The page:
Here then, is the Portrait. I also was asked to write an Artist's Statement for inclusion in the newsletter. It is awfully long to include in a blog but hey, this is a big deal for me, so I'll include it anyway. ( Nothing says you have to read it unless you want to.)
|Frances Ellen Watkins Harper, by Leroy (oil on canvas, 48"x36")|
The objective of the portrait painter is not only to provide a likeness but to capture the personality and vitality of the subject. A portrait is akin to meeting a person through a conversation rather than by merely looking a photograph of the person, accurate though that photograph may be.
In approaching the portrait of a living subject I first make several sketches. This allows me to speak with and observe the subject over time, a process that continues throughout the development of the portrait. Thus I come to know the subject through many mood changes - curiosity, interest, boredom, impatience, humor, and more. Building on this background, the portrait becomes a composite that reflects all these intimacies within an authentic context, woven into the likeness of the subject.
Similarly with a historic figure such as Frances Ellen Watkins Harper, the first step in creating her portrait a century after her death is to clearly recognize her uniqueness. To accomplish this in her absence, I immersed myself in her writings, what has been written about her, the context of her life and times, and her calling.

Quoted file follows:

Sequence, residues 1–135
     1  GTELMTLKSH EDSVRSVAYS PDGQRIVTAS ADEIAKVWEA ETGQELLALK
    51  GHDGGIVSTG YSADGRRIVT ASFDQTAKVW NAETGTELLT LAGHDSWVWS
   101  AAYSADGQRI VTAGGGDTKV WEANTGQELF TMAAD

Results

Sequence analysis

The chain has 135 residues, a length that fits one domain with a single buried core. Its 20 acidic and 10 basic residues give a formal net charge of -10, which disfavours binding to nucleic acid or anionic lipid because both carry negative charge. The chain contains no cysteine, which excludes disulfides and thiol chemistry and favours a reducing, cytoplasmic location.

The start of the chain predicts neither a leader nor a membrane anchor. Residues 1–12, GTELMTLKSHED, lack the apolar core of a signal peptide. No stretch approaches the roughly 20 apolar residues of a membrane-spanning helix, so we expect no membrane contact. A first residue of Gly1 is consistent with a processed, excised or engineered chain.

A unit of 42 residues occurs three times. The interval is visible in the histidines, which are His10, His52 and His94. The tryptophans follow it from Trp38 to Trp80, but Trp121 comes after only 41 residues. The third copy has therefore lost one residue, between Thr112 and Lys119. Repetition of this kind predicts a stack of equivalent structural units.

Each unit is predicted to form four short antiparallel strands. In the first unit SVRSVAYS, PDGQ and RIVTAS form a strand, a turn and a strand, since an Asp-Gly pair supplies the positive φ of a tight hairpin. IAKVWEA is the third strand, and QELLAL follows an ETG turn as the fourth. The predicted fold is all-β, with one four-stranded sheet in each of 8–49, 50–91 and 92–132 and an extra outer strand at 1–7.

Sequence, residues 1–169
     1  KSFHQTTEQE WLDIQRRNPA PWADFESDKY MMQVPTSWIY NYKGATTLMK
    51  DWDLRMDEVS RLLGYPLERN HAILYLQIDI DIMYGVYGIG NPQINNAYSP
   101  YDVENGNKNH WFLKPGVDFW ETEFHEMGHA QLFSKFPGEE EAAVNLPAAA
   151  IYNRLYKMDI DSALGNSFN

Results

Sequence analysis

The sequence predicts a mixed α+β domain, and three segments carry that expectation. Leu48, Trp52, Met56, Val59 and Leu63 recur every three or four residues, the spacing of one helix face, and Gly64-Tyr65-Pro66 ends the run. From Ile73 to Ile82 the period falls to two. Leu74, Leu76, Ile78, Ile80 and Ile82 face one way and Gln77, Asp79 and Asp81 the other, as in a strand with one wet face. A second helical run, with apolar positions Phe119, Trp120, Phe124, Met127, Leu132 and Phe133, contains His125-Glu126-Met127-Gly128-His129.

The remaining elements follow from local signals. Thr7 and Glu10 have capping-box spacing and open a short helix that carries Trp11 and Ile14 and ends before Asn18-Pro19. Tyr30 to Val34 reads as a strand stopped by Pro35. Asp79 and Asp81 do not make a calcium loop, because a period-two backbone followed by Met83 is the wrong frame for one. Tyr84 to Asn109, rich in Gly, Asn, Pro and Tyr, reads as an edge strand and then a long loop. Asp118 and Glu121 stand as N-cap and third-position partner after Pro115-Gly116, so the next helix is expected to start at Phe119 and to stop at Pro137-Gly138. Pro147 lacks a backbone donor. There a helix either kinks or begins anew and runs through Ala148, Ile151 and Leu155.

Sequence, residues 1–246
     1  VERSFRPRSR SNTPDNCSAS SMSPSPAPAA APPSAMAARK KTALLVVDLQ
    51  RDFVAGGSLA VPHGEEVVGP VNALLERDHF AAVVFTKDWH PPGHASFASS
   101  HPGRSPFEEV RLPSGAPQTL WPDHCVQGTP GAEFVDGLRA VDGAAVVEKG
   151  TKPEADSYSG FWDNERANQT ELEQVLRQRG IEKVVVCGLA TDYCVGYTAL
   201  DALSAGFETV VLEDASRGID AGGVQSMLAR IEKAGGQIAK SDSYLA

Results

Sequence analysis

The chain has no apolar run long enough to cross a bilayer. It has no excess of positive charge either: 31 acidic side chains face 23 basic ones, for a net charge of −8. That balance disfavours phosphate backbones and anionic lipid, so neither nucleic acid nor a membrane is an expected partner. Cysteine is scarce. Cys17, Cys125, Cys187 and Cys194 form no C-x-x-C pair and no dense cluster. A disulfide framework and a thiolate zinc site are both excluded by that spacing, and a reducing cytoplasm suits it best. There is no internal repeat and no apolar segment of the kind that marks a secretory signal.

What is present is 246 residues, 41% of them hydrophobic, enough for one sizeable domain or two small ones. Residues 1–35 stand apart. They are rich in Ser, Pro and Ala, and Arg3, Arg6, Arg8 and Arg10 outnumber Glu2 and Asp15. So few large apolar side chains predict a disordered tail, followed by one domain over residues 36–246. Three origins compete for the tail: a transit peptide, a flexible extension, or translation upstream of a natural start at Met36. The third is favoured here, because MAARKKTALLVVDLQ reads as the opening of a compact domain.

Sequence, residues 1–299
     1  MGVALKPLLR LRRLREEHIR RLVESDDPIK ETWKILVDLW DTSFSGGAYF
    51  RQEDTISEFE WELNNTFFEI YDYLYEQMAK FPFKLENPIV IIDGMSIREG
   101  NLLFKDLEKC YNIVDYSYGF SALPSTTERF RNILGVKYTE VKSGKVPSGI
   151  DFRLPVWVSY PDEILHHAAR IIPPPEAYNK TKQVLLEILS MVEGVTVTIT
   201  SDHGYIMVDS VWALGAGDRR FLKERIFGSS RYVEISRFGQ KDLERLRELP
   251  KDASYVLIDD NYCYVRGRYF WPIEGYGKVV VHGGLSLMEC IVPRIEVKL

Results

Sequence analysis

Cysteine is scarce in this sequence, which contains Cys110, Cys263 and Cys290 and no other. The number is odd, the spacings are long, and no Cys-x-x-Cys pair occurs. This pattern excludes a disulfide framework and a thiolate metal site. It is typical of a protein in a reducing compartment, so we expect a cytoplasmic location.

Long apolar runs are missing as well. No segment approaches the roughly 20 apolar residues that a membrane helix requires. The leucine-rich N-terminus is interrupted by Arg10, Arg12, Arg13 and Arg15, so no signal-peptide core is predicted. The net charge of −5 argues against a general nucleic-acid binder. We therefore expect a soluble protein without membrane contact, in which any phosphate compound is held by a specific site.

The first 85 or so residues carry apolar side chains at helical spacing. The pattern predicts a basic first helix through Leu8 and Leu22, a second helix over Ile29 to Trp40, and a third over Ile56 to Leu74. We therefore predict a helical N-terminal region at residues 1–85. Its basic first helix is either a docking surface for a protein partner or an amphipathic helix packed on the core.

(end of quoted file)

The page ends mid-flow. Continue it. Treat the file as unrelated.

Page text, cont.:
Harper (b.1825, d.1911) was a woman of unusual inner strength and vitality, proud and self-assured. The first verse of her powerful abolitionist poem Bury Me in a Free Land begins as follows:
“Make me a grave where’er you will,
In a lowly plain, or on a lofty hill;
Make it among earth’s humblest graves,
But not in a land where men are slaves.”
When she was 47, already a well-known national lecturer on abolition and suffrage, poet and author, she wrote in a letter to a friend:
“The other day I, in attempting to ride in one of the [Philadelphia] city cars, after I had entered, the conductor came to me and wanted me to go out on the platform. Now, was not that brave and noble? As a matter of course, I did not, but kept the same seat. When I was about to leave, he refused my money and I threw it down on the car floor and got out, after I had ridden as far as I wished. Such impudence!”
This then is the spirit and the fire that my portrait of Frances Ellen Watkins Harper needed to reveal.
How to begin? Research at the Library Company of Philadelphia confirms that there are two photographs of Harper at maturity as well as one photograph and one etching of her as a young woman. They have been reproduced in subsequent histories and essays, sometimes of doubtful quality. But all of them portray a woman of great poise, dignity and determination.